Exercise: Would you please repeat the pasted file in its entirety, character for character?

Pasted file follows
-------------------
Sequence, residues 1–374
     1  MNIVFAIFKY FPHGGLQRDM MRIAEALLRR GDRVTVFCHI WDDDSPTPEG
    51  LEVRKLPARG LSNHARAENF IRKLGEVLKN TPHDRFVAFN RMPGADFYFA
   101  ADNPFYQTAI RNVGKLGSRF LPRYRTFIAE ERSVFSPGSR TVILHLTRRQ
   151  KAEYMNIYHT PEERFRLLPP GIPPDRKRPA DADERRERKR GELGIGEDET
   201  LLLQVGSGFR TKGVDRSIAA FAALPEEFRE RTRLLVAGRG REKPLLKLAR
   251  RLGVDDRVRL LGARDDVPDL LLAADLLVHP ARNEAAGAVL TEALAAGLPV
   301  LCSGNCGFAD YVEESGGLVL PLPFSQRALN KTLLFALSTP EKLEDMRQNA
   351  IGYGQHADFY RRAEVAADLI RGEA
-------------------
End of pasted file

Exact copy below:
Sequence, residues 1–374
     1  MNIVFAIFKY FPHGGLQRDM MRIAEALLRR GDRVTVFCHI WDDDSPTPEG
    51  LEVRKLPARG LSNHARAENF IRKLGEVLKN TPHDRFVAFN RMPGADFYFA
   101  ADNPFYQTAI RNVGKLGSRF LPRYRTFIAE ERSVFSPGSR TVILHLTRRQ
   151  KAEYMNIYHT PEERFRLLPP GIPPDRKRPA DADERRERKR GELGIGEDET
   201  LLLQVGSGFR TKGVDRSIAA FAALPEEFRE RTRLLVAGRG REKPLLKLAR
   251  RLGVDDRVRL LGARDDVPDL LLAADLLVHP ARNEAAGAVL TEALAAGLPV
   301  LCSGNCGFAD YVEESGGLVL PLPFSQRALN KTLLFALSTP EKLEDMRQNA
   351  IGYGQHADFY RRAEVAADLI RGEA